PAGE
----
“Thanks for seeing me on short notice,” I said hoping that my politeness would cover the distinct smell that I had developed while on the road. “Please explain your church to me as if I was a journalist who didn’t do any research before the interview.”

He smiled at the question. Did he know something? It really creeped me out. “I’m happy to explain it to you. Is there anything specifically you want to know?” he asked.

I hadn’t expected a counter question. The truth was, I didn’t know a damned thing about this guy’s faith or why I was even here. I suspected videogames were involved, so I said the first thing that popped into my head. “So, did you play MW2?” I asked hesitantly, hoping that his face would give me a clue as to what I was supposed to ask next. From his furrowed brow, I could tell immediately that I’d asked the wrong question. His face showed that he was about to answer angrily, but I preempted him with another question.

“Uh, can you tell me about the church’s founders?”

“My father had shown a lot of psychic potential and my grandfather decided it was time to turn it into a business. He and my father worked for the police department in Gary, Indiana as a psychic crime solving team until it was later discovered that each person he’d help to convict turned out to be innocent. That scandal landed my father in the same jail that he’d once filled. While he was in prison, though, he met and charmed the warden’s daughter, who later helped him escape to Minnesota where, under state law at the time, you could marry one woman and/or pack animal of your choice to be absolved of all crimes.”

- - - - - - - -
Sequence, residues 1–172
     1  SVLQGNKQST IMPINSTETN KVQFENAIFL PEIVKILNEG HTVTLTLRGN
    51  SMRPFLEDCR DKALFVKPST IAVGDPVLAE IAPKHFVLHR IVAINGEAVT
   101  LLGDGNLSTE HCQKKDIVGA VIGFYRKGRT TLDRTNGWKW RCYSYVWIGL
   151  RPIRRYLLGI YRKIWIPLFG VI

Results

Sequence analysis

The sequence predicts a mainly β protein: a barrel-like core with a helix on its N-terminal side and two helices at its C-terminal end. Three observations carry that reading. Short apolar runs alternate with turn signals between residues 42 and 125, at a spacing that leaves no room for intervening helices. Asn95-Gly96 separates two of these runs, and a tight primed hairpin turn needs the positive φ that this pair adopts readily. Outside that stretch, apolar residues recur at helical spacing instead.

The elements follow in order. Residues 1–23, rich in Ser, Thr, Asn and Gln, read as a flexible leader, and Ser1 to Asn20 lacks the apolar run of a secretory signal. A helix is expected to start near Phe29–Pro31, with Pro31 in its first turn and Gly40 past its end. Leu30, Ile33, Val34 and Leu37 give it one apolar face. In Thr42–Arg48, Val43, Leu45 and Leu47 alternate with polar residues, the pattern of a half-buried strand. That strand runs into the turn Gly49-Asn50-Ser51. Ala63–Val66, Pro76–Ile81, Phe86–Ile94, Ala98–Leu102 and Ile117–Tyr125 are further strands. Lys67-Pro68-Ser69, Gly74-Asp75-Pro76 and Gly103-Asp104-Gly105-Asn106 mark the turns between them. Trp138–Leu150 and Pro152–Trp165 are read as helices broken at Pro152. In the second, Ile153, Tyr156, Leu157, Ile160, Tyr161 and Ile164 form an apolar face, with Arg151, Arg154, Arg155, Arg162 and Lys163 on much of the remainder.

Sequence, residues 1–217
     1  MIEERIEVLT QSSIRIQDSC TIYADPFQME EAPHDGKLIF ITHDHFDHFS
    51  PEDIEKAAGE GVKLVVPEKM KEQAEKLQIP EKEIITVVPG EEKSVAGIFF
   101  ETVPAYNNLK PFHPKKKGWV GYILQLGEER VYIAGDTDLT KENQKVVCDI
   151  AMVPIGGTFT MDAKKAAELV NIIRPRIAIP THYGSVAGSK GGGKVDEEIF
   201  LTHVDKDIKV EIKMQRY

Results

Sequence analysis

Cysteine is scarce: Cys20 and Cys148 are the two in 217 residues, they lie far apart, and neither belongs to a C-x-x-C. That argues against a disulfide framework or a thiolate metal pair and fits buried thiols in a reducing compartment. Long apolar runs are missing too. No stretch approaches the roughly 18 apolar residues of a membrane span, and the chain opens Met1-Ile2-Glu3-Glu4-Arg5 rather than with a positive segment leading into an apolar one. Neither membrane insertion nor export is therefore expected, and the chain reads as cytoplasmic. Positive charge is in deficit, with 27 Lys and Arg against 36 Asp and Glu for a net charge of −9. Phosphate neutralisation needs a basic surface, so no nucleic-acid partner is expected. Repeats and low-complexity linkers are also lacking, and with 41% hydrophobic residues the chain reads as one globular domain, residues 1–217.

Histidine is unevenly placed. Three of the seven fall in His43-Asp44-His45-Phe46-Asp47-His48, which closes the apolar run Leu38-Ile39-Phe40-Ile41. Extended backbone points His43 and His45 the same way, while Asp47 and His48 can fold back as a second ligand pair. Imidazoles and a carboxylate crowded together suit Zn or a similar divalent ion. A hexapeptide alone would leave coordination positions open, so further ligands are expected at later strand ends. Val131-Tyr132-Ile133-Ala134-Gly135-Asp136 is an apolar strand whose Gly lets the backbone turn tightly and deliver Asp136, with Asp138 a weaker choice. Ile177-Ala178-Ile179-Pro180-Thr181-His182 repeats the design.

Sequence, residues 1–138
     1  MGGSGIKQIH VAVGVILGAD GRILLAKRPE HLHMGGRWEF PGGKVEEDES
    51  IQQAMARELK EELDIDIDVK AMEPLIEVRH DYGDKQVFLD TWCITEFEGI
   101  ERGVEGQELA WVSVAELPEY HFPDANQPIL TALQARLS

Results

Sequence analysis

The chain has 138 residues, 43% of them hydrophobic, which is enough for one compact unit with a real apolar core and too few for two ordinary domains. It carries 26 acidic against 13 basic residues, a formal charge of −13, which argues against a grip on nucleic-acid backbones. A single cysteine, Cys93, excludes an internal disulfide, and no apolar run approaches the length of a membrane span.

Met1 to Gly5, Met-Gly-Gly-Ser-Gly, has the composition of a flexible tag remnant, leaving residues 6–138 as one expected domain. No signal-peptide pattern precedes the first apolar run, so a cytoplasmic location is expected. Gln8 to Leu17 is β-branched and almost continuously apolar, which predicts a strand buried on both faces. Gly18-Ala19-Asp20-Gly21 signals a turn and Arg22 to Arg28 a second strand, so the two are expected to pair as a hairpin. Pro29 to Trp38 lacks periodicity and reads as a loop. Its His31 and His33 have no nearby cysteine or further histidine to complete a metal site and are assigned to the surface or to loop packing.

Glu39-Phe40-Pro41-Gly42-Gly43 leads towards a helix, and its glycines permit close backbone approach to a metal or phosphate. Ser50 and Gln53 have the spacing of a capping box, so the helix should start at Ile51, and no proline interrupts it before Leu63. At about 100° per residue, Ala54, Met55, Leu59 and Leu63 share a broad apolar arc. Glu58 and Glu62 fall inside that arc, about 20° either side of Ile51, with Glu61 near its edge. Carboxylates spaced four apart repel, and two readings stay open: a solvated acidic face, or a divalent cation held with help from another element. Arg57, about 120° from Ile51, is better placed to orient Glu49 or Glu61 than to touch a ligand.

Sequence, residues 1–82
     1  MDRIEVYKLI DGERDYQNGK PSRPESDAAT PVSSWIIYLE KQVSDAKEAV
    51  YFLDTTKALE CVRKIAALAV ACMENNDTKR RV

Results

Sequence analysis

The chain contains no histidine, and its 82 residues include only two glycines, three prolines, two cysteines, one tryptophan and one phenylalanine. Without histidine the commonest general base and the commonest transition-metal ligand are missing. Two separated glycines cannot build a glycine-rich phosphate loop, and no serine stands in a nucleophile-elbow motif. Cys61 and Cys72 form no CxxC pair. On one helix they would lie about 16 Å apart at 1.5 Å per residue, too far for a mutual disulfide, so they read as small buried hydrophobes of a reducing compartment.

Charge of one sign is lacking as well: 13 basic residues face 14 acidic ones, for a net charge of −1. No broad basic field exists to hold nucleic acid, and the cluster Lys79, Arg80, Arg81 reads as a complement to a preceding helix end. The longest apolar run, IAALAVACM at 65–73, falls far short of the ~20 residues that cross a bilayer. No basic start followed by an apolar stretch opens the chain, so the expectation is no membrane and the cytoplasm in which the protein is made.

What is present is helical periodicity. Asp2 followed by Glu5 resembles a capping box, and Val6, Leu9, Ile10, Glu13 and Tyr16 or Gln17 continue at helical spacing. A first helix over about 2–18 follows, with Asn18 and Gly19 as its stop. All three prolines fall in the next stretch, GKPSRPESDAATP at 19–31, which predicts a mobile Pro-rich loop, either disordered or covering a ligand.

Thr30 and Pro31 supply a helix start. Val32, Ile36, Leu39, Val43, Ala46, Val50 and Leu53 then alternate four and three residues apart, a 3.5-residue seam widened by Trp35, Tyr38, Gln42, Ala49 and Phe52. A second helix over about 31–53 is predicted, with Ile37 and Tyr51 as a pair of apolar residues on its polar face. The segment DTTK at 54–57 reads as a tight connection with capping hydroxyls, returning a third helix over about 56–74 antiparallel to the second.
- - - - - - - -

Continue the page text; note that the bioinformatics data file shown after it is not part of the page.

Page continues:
Whether it was his dull monotone or the relative lack of sleep I’d gotten over the last month, I found myself sinking into the surprisingly comfy chair. Huh, wouldn’t have expected that.

“My father took a job as an educational software developer in Minnesota until he was the first white man to contract smallpox since 1879. During that illness, he dreamt of the Antromacesummarish people. He emerged from his sickroom claiming that he had been visited by the spirits of people who had come to America thousands of years before the first Europeans. The ghosts of these ancestors bestowed 20 eight-inch floppy disks made of solid gold unto my father, John Smith. And though his wife and friends never actually saw the disks, John asserted that they were the word of God and began transcribing them.

“He locked himself in his study for two weeks and emerged with a disk of fully compiled code which turned out to be a sort of a road map to the Promised Land. He released the program for free to public schools and colleges, and many former students, smitten by his charismatic nature, flocked to his church. He told them he was looking for the Promised Land known as,” he paused dramatically, “Oregon.

“Hey! Are you sleeping?”